The **FacilityDemandLeveling** method tries to run the storage to follow a user-defined schedule for the net purchased power, $ {P_{net,purch}} $. This is similar to demand limit operation but instead of just attempting to cap the facility demand, it will also manipulate storage to increase utility grid supply electric to meet the target for net purchased power. The user inputs a design demand target for net purchase power rate, $ {P_{net,purch,design}} $, and a demand level modification schedule $ {f_{sched,dmd,target}} $.

Pnet,purch,target=Pnet,purch,design∗fsched,dmd,target

This target is compared to an adjusted feed in request, $ {P_{feed, request}} $, from the (remaining, adjusted) whole-facility total electric power demand.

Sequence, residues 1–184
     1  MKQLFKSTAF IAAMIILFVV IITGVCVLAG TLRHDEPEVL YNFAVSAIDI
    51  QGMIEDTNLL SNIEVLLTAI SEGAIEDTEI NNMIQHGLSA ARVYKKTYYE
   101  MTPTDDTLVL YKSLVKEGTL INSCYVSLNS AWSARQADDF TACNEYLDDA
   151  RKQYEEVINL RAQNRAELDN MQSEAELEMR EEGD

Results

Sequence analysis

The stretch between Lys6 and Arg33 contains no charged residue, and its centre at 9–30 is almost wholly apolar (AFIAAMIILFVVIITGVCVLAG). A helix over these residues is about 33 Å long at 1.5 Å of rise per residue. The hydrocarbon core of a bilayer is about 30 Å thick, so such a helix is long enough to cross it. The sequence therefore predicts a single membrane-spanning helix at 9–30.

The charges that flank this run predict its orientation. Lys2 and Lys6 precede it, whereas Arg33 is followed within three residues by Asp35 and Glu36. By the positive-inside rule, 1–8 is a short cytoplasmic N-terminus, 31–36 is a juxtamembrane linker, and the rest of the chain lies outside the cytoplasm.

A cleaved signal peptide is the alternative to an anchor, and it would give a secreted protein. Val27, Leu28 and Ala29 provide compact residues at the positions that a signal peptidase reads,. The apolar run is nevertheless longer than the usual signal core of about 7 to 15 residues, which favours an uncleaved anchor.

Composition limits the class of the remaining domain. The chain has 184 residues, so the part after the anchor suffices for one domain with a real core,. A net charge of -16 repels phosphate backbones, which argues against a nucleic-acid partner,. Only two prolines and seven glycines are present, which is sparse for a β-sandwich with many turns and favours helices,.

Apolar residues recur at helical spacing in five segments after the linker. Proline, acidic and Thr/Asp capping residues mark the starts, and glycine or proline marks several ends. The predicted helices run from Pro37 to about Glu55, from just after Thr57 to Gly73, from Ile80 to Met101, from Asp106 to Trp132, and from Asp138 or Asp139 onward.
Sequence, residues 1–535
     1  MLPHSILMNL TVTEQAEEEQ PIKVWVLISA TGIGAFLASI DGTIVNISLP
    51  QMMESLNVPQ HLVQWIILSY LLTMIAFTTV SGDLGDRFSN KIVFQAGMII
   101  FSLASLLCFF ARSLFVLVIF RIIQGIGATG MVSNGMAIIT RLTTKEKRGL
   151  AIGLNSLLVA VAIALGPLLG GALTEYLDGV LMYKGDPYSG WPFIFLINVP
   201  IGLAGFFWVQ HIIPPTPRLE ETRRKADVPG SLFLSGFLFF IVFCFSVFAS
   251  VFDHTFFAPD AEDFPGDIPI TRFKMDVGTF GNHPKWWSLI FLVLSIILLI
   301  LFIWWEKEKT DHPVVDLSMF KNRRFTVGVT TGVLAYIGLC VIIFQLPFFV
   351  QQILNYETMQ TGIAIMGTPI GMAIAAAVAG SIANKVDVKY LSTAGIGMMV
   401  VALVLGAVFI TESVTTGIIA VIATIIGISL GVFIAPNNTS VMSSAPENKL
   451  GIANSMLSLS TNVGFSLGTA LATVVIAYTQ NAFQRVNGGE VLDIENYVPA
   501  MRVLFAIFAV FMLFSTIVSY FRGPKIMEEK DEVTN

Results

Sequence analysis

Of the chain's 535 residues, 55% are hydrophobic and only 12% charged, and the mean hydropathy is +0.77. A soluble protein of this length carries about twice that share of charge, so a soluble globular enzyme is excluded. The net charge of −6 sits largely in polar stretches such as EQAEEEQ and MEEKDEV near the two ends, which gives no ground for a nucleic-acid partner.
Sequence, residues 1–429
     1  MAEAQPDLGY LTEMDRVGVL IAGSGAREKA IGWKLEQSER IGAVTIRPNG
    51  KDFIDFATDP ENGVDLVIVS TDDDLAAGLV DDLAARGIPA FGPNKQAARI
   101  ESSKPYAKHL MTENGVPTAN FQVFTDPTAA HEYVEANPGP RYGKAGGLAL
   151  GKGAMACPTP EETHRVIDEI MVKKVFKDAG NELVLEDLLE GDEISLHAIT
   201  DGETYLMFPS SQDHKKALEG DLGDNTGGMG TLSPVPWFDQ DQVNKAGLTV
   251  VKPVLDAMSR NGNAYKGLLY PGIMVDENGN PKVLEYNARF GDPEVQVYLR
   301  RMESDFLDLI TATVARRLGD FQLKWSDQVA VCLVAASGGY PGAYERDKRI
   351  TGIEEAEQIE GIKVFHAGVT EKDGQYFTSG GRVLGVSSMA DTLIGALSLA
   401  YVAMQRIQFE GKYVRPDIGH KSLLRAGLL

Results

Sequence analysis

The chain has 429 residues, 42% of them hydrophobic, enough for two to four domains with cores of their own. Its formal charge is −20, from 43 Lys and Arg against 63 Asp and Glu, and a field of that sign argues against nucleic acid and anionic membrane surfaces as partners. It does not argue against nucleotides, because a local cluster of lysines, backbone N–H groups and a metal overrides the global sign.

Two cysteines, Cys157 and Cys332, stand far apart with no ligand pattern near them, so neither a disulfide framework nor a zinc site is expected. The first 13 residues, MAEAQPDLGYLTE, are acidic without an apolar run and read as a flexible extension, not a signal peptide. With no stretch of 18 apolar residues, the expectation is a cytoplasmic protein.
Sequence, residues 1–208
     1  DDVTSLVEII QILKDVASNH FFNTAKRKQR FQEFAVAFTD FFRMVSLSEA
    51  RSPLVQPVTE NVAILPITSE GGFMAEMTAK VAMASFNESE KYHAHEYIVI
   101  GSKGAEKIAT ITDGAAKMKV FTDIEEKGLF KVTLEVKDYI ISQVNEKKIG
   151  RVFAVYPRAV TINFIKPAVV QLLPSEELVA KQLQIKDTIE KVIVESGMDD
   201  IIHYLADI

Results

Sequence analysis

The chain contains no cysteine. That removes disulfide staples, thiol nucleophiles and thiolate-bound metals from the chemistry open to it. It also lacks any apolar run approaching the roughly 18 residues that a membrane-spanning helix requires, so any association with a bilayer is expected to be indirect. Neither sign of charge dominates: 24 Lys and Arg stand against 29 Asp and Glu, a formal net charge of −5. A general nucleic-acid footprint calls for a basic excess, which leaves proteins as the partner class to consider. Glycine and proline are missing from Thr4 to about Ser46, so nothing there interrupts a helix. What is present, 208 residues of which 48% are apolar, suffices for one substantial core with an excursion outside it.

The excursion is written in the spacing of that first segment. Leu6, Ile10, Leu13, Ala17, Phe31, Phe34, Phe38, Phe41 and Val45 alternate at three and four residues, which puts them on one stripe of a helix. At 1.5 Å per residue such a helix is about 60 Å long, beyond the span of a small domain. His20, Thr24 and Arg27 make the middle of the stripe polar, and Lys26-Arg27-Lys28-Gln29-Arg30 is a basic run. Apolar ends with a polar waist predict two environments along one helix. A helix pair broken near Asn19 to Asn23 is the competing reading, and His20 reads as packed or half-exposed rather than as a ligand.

Pfeed=Pfeed,request−Pnet,purch,target

If $ {P_{feed}} > 0.0 $, then we have a situation where the facility needs more power that the target demand. We therefore feed that power toward the main panel, but it is not necessarily the full power request that could be served. If $ {P_{gen}} < {P_{feed}} $, then we still have some power supply to make up by discharging,

Pdischarge=Pfeed−PgenPcharge=0.0

Or if $ {P_{gen}} > {P_{feed}} $, then we have excess power we can use for charging.

Pcharge=Pgen−PfeedPdischarge=0.0

However, if $ {P_{feed}} < 0.0 $, then the facility needs less power than the target demand. We therefore draw power from the main panel to increase power purchased to meet target demand level.

Pdraw=abs(Pfeed)Pfeed=0.0Pcharge=Pdraw+Pgen

## Electrical Storage - Simple Energy Balance Model[LINK]